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Ya se aceptan las nominaciones para llenar vacante en el Consejo Ejecutivo de La Iglesia Episcopal

Tue, 06/25/2019 - 12:45pm

[25 de junio de 2019] Las nominaciones para servir como miembro del Consejo Ejecutivo de La Iglesia Episcopal se aceptan desde ya hasta el 31 de julio de 2019. El Rvdo. Canónigo Michael Barlowe, Secretario de la Convención General, anunció que la vacante fue creada por la renuncia de un miembro del Consejo Ejecutivo cuyo mandato concluye en la Convención General 2021.

El Canónigo Barlowe señaló que debido a que la vacante fue creada por un sacerdote, sólo se puede nominar a sacerdotes o diáconos. Añadió que, “De conformidad con las Reglas de Orden, el Comité Ejecutivo del Consejo Ejecutivo revisará todas las nominaciones y remitirá al menos dos y no más de cinco candidatos, entre los cuales una persona será elegida por el Consejo Ejecutivo.”

Las funciones canónicas del Consejo Ejecutivo y sus miembros se pueden encontrar aquí.

Canon Barlowe señaló que los candidatos deben poder asistir a las próximas reuniones del Consejo Ejecutivo: del 13 al 15 de febrero de 2020; del 8 al 11 de junio de 2020; del 9 al 12 de octubre de 2020; del 22 al 25 de enero de 2021; del 14 al 17 de abril de 2021.

Las nominaciones deben enviarse en línea aquí (en inglés) o aquí (en español) antes del 31 de julio de 2019.

De conformidad con el Reglamento Conjunto de la Convención General, Regla VII.17, los candidatos elegidos por el Comité Ejecutivo estarán sujetos a una verificación de antecedentes que “cubrirá los controles de antecedentes penales y los controles del registro de delincuentes sexuales en cualquier estado en el que un candidato propuesto haya residido durante los siete (7) años anteriores, cualquier organismo profesional de licencias apropiado con jurisdicción sobre el estatus profesional de un candidato y cualquier violación de valores estatales o federales o leyes bancarias.” Además, tenga en cuenta que “la información de verificación de antecedentes no se compartirá más allá de la Oficina del Secretario de La Convención General, el Director Jurídico, y aquellos candidatos propuestos que soliciten su propia información. El costo de los controles de antecedentes en virtud de esta regla estará cubierto por el presupuesto del Convenio General.”

Como se señala en el sitio web de La Iglesia Episcopal: El Consejo Ejecutivo de La Iglesia Episcopal es un órgano electo que representa a toda la Iglesia. A lo largo de los tres años entre convenciones, conocidos como el “trienio”, el Consejo Ejecutivo se reunirá habitualmente una vez en cada una de las nueve provincias de La Iglesia Episcopal.

Nominations now being accepted to fill vacancy on The Episcopal Church Executive Council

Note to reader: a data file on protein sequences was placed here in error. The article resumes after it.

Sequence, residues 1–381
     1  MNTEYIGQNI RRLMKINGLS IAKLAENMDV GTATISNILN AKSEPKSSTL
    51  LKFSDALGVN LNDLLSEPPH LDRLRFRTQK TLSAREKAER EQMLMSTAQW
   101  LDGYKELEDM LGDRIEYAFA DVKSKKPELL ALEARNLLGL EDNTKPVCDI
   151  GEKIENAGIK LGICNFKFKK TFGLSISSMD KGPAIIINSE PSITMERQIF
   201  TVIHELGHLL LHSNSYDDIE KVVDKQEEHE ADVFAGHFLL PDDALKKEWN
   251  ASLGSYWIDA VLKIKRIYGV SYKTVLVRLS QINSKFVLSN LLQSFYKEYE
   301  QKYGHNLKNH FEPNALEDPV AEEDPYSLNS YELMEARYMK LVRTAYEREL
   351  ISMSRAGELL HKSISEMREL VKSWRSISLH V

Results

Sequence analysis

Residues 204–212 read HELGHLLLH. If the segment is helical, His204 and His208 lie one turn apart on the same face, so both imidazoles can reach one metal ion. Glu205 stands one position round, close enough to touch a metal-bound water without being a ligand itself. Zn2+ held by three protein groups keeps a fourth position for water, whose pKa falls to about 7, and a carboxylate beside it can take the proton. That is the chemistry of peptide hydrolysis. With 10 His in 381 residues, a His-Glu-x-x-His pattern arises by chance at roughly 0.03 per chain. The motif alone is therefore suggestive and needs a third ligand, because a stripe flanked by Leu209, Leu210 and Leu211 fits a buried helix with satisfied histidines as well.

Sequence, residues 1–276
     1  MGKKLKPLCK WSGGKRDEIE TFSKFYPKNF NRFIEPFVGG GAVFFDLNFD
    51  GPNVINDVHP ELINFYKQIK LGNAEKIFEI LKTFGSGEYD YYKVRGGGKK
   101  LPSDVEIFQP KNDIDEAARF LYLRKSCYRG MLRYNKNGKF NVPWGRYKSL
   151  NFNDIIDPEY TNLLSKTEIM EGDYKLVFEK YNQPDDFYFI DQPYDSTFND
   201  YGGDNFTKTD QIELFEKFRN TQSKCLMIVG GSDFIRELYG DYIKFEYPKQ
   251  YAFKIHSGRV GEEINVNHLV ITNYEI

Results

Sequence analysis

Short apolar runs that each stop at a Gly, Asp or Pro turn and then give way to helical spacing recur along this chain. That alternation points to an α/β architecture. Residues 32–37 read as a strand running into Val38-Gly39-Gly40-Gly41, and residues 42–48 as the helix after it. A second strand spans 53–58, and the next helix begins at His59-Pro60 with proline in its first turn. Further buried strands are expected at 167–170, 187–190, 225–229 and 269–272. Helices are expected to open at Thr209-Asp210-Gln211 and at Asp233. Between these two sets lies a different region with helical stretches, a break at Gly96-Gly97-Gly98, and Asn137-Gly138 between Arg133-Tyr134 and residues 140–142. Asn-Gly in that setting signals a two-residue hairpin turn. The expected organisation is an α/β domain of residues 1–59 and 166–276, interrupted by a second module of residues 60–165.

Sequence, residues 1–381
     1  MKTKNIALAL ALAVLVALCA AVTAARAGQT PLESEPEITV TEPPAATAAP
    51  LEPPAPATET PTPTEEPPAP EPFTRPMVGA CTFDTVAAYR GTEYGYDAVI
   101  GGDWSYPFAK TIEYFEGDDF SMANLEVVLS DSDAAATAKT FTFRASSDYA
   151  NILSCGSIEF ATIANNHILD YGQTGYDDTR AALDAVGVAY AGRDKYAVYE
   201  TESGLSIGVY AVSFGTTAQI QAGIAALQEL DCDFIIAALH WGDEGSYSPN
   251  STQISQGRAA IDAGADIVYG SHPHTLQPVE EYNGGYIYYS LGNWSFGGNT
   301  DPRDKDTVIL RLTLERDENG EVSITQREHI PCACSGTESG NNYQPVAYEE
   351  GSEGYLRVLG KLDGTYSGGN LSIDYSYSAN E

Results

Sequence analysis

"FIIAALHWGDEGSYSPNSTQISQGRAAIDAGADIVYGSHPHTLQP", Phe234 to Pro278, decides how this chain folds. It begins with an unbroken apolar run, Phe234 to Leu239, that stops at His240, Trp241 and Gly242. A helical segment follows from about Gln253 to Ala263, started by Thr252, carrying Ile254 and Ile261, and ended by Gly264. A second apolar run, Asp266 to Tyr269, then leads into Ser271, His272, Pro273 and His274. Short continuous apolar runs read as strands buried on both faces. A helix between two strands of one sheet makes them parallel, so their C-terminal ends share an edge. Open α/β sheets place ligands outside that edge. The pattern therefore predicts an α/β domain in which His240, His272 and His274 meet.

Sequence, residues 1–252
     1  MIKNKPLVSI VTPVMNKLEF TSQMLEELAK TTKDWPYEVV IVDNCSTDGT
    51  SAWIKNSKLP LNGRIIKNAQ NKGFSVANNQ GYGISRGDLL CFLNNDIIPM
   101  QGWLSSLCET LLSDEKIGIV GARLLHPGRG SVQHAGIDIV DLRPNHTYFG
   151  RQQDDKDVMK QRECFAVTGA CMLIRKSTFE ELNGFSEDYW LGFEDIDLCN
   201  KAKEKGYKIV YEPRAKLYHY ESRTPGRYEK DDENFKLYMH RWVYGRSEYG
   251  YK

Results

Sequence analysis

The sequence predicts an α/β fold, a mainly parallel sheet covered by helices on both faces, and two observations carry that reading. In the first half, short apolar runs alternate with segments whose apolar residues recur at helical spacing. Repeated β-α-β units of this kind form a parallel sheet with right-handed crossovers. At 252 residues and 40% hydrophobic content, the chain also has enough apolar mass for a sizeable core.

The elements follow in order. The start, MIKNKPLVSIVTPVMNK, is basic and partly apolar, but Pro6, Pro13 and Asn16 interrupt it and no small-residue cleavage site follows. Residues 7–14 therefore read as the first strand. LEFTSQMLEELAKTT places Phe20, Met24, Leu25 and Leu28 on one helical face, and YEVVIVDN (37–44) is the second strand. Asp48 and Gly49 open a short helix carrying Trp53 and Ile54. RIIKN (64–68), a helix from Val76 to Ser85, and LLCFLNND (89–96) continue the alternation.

Ya se aceptan las nominaciones para llenar vacante en el Consejo Ejecutivo de La Iglesia Episcopal

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Boston cathedral’s ‘Ministry of the Steps’ takes church’s welcome to the street

Mon, 06/24/2019 - 4:39pm

[Diocese of Massachusetts] A police officer and a person who is homeless playing chess together isn’t something you would necessarily expect to see while walking down Tremont Street in downtown Boston, Massachusetts. On the portico of the Cathedral Church of St. Paul, however, this has become the new normal during the summer months thanks to the cathedral’s “Ministry of the Steps.”

The Ministry of the Steps officially launched as a pilot program last summer, with just a tent canopy and some AstroTurf from Costco, and an invitation to others to join cathedral staff and volunteers in offering various outdoor activities in order to engage the community and those walking by.

Dean Amy McCreath, right, plays Bingo outside of the Cathedral Church of St. Paul in Boston, Massachusetts, as part of the “Ministry of the Steps.” Photo: Bridget K. Wood/Diocese of Massachusetts

The activities range from chess, checkers and Bingo games to art projects, drum circles, musical performances and chanting. Last year’s Ministry of the Steps included voter registration drives, as well as a witness against gun violence by the B-PEACE for Jorge Campaign. The Ministry of the Steps has now begun its second summer of programming with activities happening outside the cathedral on Tuesdays, Wednesdays and Thursdays beginning at 9 a.m.

Eva Ortez serves as a Life Together fellow for the MANNA ministry at the cathedral, a ministry of and with the homeless community in downtown Boston. Ortez experienced a powerful moment during a recent day of chess and checkers under the Ministry of the Steps canopy.

“I took a step back and just wanted to take it all in, and in that moment I noticed the amount of joy everyone there was experiencing. The group of people there was so diverse. There was a cop and an unhoused person playing, a young student and a recently housed person playing, and in the background there was a group of MANNA community members playing music, singing and dancing,” Ortez said. “Watching all of this and being part of something so beautiful almost brought tears to my eyes.”

While the Ministry of the Steps is still new, it’s in keeping with the intent behind the decision to make St. Paul’s Church in downtown Boston the cathedral church of the Episcopal Diocese of Massachusetts in 1912, according to the cathedral’s dean, the Very Rev. Amy E. McCreath.